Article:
Nail psoriasis dynamics during biologic treatment and withdrawal in patients with psoriasis who may be at high risk of developing psoriatic arthritis: a post hoc analysis of the VOYAGE 2 randomized trial.Arthritis Res Ther. 2023 09 15; 25(1):169.AR
Nail psoriasis is a common, physiologically, and psychologically disruptive, and yet often under-treated manifestation of psoriasis. The objectives of this analysis were to investigate the trajectory of nail psoriasis, a risk factor for psoriatic arthritis (PsA), with guselkumab vs adalimumab treatment followed by withdrawal, and determine characteristics associated with nail response in patients treated with guselkumab.
This post hoc analysis of the phase III trial VOYAGE 2 included patients with moderate-to-severe plaque psoriasis and baseline nail involvement. Nail Psoriasis Severity Index (NAPSI) and Psoriasis Area and Severity Index (PASI) were analyzed through week 48 in patients randomized to guselkumab or adalimumab. Multiple logistic regression analyzed factors associated with NAPSI 0/1 at week 24/week 48 following guselkumab treatment. In a separate analysis, patients were stratified by prior biologic experience.
Overall, 272 vs 132 patients receiving guselkumab vs adalimumab had nail psoriasis at baseline. Lower baseline NAPSI and week 16 PASI were associated with achieving NAPSI 0/1 at week 24 (NAPSI, odds ratio 0.685 [95% confidence interval: 0.586, 0.802]; week 16 PASI, 0.469 [0.281, 0.782]) and week 48 (NAPSI, 0.784 [0.674, 0.914]; week 16 PASI, 0.557 [0.331, 0.937]) with guselkumab. Previous biologic experience did not impact NAPSI response. Following treatment withdrawal at week 28, mean NAPSI was maintained in the guselkumab arm (week 24 1.7, week 48 1.9) and increased slightly in the adalimumab arm (week 24 1.4, week 48 2.3). Mean PASI increased across both treatment arms.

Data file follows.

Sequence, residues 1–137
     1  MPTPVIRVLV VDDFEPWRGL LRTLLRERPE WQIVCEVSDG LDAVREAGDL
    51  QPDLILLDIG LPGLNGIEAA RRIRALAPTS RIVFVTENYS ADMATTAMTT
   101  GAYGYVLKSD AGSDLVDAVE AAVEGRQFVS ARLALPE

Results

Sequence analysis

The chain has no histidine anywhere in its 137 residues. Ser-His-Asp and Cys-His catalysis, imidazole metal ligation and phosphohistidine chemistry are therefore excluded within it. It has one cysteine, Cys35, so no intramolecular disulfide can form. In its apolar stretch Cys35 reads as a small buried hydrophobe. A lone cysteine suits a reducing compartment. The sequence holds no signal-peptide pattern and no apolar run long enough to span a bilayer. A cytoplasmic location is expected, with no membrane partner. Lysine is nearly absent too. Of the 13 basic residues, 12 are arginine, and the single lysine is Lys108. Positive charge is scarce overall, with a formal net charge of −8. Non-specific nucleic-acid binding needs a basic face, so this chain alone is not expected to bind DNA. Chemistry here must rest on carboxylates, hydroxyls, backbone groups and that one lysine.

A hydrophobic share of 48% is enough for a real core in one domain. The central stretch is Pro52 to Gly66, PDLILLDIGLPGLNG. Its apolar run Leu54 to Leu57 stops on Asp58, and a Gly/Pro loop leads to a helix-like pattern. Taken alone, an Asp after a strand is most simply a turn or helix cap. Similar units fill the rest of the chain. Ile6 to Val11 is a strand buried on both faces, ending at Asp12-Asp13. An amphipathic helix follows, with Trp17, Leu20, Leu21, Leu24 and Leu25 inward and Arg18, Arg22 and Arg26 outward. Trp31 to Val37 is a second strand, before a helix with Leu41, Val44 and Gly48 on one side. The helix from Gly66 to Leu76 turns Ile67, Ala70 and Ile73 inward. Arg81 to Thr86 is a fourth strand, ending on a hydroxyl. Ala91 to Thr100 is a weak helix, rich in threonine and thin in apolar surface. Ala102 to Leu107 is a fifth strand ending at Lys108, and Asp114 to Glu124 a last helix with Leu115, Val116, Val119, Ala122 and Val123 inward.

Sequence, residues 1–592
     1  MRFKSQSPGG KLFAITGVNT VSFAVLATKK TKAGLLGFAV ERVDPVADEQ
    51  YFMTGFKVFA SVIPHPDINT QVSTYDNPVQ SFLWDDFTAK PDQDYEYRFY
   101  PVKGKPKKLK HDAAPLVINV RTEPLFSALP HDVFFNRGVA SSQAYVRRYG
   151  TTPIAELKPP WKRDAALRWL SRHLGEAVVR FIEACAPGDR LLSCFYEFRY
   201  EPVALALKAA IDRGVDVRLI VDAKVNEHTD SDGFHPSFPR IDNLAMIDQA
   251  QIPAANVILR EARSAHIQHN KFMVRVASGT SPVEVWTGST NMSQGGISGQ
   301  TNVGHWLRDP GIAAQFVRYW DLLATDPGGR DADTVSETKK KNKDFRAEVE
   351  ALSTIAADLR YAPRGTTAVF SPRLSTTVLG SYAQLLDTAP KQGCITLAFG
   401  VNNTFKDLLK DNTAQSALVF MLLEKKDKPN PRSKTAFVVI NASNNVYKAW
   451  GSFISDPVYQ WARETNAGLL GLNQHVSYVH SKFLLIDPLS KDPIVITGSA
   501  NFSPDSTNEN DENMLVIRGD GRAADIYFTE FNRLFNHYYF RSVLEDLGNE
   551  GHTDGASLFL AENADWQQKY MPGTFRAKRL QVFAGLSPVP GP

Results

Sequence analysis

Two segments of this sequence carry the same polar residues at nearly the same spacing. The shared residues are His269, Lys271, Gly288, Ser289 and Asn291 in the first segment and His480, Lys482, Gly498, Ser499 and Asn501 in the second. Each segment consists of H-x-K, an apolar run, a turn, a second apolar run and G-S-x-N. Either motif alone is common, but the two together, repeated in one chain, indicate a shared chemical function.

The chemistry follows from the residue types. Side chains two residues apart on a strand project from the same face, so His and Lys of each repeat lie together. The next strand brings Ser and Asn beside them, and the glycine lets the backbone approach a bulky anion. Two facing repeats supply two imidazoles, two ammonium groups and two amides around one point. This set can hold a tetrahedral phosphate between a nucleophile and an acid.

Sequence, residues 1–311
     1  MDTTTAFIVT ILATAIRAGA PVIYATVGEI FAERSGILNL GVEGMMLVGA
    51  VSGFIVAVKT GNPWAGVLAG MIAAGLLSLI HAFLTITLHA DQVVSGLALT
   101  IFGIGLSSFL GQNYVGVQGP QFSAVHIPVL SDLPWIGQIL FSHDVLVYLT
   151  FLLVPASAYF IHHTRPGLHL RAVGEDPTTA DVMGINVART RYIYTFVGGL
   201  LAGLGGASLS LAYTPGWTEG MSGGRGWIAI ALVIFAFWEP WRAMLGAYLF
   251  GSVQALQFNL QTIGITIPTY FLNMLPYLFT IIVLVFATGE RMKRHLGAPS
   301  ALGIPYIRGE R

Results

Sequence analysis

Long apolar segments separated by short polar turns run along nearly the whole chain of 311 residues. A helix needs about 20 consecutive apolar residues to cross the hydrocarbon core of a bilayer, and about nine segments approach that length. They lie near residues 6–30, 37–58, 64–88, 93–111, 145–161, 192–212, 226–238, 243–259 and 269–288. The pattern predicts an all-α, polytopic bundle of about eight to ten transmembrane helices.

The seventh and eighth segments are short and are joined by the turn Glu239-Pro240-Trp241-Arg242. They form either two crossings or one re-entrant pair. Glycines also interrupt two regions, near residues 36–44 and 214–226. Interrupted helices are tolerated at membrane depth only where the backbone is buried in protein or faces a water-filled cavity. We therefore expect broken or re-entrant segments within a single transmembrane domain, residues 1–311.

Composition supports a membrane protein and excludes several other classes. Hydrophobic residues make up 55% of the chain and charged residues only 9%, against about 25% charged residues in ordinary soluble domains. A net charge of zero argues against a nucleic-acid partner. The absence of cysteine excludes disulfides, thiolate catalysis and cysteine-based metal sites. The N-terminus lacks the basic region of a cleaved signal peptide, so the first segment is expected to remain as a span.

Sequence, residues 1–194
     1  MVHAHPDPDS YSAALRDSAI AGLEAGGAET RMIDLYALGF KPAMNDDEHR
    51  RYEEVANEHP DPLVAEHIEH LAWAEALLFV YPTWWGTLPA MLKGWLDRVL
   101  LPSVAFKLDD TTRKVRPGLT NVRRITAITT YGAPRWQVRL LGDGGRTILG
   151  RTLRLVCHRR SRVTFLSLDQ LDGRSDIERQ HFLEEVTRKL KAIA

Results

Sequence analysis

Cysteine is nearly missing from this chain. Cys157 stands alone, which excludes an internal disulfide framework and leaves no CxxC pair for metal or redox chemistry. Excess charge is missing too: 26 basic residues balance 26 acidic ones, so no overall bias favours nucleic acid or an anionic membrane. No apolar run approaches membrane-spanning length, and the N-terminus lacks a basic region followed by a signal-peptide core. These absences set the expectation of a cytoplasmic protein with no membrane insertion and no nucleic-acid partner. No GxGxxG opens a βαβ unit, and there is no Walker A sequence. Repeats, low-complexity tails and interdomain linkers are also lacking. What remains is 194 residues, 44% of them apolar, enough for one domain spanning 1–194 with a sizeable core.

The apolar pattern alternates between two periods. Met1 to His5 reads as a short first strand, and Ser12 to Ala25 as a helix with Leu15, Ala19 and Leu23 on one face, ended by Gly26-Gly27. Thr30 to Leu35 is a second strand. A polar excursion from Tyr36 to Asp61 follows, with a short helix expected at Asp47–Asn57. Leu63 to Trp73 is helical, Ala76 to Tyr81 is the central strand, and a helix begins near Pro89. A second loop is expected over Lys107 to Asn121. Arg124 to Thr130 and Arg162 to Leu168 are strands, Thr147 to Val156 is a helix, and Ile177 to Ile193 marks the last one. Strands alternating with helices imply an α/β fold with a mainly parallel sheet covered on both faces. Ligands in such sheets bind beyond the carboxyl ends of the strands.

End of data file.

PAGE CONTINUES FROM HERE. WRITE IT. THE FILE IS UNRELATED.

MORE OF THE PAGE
Higher skin efficacy at week 16 was associated with better nail responses during guselkumab treatment. Nail psoriasis improvements reflected skin improvements. Following guselkumab withdrawal, nail response was maintained longer than skin response. Future studies should investigate whether such improvements in nail response reduce patients' risk of later PsA development.
ClinicalTrials.gov, NCT02207244. Registered July 31, 2014.